Becoming a Property Development ‘Area Expert’
Published 8:24 am 9 Jul 2019
If you are thinking about carrying out your first property development, your first step is to become intimately acquainted with the area where you plan to develop. DG Institute CEO and Founder Dominique Grubisa explains that when it comes to property development you need to crawl before you learn to walk.
Before you invest your hard-earned money in a property investment, you need to find out everything you can about the local area.
Property development market research is your best friend on the road to becoming a successful developer. To succeed you need to establish the feasibility of your project, examine the financials time and time again, and look at different sources of finance.
This also includes becoming an ‘area expert’ in the suburb where you want to develop. You’ll want to study everything from its boundaries to its demographics and everything in between. Becoming an expert needn’t cost you much more than your time, a few coffees with people who may be able to offer some insights into your chosen area, and perhaps a few dollars on subscriptions.
Use the web
The internet is a great place to start. Free property sites like domain.com.au and realestate.com.au can provide you with plenty of intelligence around recent sales, prices and sale waiting times in the areas you’re interested in. If you’re willing to spend a little cash, you can also sign up for services that provide even more detailed property analytics such as Corelogic or DRS Data.
Other, more general web searches will provide you with information about your chosen suburb including its culture, the people who live there, and the types of commerce that are prevalent. Don’t necessarily limit yourself to looking into one area, but rather use the internet and all the information it generates to research two or three areas.
Pound the pavement
Seeing is believing, so get out and walk around the area you’re interested in. Take note of things like the general upkeep of the neighbourhood, where schools are located, and the quality of shopping and recreation facilities. Construction activity can tell you if it’s an area that’s on the move, as can the type and price of other properties that are on the market. If the prices are low and properties aren’t moving, there’s usually a reason.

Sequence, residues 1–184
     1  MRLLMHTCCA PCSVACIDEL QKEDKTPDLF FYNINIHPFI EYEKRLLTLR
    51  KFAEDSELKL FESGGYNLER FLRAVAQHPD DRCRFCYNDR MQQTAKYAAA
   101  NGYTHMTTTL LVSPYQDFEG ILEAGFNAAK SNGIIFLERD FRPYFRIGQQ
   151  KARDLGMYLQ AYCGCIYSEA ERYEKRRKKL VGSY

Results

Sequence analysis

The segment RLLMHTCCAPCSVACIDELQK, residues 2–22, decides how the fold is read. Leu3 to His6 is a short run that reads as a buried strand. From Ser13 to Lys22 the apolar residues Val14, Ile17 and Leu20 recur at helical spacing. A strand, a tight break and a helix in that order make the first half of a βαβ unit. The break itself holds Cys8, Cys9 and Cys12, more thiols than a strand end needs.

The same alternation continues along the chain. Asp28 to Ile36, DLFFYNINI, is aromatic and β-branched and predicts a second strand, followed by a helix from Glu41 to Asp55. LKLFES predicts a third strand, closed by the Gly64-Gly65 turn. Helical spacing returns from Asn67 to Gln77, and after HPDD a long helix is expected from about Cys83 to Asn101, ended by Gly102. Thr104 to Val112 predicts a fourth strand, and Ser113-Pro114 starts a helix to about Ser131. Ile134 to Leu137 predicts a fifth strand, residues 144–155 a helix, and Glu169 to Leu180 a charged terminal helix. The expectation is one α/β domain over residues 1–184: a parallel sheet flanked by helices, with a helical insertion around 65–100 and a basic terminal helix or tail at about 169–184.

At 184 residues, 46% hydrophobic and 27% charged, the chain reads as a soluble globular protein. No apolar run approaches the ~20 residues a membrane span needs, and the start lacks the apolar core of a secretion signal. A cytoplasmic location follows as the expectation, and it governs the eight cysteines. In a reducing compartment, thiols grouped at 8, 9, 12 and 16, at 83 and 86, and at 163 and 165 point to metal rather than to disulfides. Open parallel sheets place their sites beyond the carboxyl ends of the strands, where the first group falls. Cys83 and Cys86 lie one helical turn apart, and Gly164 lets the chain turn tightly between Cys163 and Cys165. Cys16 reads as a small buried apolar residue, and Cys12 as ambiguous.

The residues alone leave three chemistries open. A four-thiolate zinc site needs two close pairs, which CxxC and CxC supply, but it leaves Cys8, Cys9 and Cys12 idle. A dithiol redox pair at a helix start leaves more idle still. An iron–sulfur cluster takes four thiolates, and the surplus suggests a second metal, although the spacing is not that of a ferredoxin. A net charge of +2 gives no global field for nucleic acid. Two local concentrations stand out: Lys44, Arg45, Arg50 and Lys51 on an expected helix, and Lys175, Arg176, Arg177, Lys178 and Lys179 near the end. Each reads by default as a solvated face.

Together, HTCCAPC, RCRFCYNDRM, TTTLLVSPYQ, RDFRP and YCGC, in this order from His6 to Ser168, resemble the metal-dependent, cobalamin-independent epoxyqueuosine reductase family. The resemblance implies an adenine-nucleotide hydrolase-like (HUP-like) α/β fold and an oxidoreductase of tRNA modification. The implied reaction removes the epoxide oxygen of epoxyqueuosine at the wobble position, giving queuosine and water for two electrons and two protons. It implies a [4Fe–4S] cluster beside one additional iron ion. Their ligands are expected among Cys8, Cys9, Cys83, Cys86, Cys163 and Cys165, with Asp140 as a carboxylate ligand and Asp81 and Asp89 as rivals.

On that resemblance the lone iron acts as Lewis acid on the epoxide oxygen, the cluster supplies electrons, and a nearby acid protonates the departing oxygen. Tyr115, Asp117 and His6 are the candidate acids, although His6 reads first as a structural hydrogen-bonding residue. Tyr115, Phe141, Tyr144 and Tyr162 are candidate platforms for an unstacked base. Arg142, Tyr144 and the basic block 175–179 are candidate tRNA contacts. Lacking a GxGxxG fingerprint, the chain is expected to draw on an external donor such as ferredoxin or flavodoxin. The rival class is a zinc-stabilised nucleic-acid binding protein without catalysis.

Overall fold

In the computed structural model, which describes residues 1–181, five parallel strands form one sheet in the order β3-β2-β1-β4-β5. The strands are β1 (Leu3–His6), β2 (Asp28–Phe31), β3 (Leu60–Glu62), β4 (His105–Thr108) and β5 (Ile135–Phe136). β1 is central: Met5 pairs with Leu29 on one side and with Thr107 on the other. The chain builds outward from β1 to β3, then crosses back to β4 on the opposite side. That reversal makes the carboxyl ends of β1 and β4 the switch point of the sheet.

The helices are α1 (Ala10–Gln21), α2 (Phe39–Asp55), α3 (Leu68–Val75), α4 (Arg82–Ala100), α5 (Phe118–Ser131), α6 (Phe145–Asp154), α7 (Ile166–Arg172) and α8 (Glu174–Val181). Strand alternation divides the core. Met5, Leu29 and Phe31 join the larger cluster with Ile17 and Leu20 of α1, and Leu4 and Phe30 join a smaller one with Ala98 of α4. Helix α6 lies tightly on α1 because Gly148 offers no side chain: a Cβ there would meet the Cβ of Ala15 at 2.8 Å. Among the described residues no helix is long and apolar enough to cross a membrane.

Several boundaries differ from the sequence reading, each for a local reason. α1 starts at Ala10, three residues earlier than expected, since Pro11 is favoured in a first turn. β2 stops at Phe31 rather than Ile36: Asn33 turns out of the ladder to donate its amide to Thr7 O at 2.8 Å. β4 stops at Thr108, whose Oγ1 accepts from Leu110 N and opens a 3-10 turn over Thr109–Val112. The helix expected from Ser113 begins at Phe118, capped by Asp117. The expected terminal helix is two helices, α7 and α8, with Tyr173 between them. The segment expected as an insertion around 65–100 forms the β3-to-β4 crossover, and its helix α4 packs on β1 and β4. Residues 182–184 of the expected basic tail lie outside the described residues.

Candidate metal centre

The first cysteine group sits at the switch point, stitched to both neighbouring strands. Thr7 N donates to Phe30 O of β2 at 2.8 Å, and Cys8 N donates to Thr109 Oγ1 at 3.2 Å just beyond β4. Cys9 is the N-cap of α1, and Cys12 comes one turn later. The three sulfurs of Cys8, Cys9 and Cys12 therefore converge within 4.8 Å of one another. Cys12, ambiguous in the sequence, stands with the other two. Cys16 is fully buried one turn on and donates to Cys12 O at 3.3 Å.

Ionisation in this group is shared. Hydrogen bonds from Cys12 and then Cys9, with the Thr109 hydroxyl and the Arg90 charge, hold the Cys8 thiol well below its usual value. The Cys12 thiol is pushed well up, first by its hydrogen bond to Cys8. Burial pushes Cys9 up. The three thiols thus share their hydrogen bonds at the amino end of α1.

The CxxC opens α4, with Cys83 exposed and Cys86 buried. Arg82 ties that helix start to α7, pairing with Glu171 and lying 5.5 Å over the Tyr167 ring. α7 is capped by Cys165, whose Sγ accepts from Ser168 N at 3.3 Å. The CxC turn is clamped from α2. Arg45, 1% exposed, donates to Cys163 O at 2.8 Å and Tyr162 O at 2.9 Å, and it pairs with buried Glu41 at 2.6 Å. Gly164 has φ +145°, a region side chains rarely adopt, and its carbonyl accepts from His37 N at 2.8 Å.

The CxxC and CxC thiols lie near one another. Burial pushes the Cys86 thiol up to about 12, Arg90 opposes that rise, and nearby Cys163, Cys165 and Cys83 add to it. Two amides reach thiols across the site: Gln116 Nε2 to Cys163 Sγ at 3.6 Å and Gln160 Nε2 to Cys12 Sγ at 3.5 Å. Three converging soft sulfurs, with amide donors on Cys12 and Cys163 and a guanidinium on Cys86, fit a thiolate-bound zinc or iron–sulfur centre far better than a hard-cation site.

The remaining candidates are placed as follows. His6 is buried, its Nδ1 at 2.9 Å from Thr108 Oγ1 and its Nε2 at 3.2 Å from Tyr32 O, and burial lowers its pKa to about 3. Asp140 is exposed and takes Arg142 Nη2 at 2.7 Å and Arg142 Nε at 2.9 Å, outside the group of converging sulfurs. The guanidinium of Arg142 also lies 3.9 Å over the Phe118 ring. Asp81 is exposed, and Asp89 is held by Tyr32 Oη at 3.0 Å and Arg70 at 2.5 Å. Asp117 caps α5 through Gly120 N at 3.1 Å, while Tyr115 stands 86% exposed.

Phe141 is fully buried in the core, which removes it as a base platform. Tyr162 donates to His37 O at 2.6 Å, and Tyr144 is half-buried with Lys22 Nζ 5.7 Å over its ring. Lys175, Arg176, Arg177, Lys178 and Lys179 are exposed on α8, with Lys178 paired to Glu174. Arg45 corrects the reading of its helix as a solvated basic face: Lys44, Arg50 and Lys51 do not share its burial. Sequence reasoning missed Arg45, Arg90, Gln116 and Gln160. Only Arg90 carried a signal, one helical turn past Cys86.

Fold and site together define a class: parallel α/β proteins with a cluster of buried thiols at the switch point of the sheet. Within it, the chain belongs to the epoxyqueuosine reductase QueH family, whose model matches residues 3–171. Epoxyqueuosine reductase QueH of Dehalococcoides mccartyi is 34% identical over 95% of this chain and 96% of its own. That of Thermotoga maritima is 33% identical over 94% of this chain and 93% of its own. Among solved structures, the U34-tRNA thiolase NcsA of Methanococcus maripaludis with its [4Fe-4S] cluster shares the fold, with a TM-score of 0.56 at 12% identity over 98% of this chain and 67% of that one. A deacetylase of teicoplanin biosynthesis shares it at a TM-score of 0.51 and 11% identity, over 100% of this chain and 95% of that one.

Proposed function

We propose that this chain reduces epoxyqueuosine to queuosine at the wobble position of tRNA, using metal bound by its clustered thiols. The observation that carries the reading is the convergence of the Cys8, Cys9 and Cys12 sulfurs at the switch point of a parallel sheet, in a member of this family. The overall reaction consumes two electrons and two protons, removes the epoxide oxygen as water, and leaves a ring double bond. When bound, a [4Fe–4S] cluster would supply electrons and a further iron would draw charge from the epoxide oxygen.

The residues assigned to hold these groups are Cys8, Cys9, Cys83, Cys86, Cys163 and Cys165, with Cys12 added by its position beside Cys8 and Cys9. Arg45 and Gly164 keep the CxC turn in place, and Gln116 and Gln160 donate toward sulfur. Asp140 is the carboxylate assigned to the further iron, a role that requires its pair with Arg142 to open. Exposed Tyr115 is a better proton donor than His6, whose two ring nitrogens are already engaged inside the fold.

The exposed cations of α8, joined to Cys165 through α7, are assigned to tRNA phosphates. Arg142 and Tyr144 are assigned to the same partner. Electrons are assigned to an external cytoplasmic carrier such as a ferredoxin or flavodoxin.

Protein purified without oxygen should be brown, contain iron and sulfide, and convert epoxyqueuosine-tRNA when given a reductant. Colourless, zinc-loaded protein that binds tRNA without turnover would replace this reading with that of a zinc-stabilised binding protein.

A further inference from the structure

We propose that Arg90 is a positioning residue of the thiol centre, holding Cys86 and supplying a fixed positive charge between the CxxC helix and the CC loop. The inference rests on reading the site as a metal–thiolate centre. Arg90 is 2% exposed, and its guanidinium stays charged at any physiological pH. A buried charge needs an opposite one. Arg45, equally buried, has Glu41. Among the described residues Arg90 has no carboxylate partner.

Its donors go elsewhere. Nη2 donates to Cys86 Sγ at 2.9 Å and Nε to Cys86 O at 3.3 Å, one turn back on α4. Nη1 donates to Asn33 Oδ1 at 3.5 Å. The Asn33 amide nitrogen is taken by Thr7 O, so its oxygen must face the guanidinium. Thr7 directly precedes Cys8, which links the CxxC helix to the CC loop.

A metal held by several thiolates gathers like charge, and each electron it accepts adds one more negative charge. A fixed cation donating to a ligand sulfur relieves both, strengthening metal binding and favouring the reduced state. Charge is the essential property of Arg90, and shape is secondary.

Depending on what type of investment you’re looking at, discovering what developments are in the pipeline can influence your decision. If neighbouring suburbs are booming it could indicate a trend. Or if the area is dominated by owner/occupiers rather than renters, you might consider renovating and flipping rather than buying and rebuilding.
Talk to locals
Chatting to locals about the area is one of the best ways to find out about a suburb. Local residents can tell you what it’s like to live in the area, what’s missing and what’s needed. Business owners will give you a good rundown on the local economy and the Chamber of Commerce is a great source of information on upcoming investments that may impact on your development.
It’s extremely difficult to get this kind of first-hand information if you choose to develop in an area to which you don’t have easy access. A suburb in Perth may be appear to be booming on paper, but if you live in Sydney you’ll find it very difficult to get a real feel for the area without doing on-the-ground research.
Analyse what you’ve learned
Finally, bring together the different types of intelligence you’ve gathered and make some judgements. Your research should have informed you about trends in the area, the appetite of the market for different development types, and factors likely to impact positively and negatively on a potential development. Use this information wisely, and you’ll put yourself in the best position possible to embark on your development.
Lawyer, Asset Protection Specialist and Property Educator
Dominique Grubisa is a practising legal practitioner with over 22 years of legal and commercial experience. She is a property investor and developer, an entrepreneur with businesses in Australia and Southeast Asia, a speaker, educator, writer and published author. You may contact Dominique at firstname.lastname@example.org
This column has been written for general information purposes only. It is not intended as legal, financial or investment advice and should not be construed or relied on as such.
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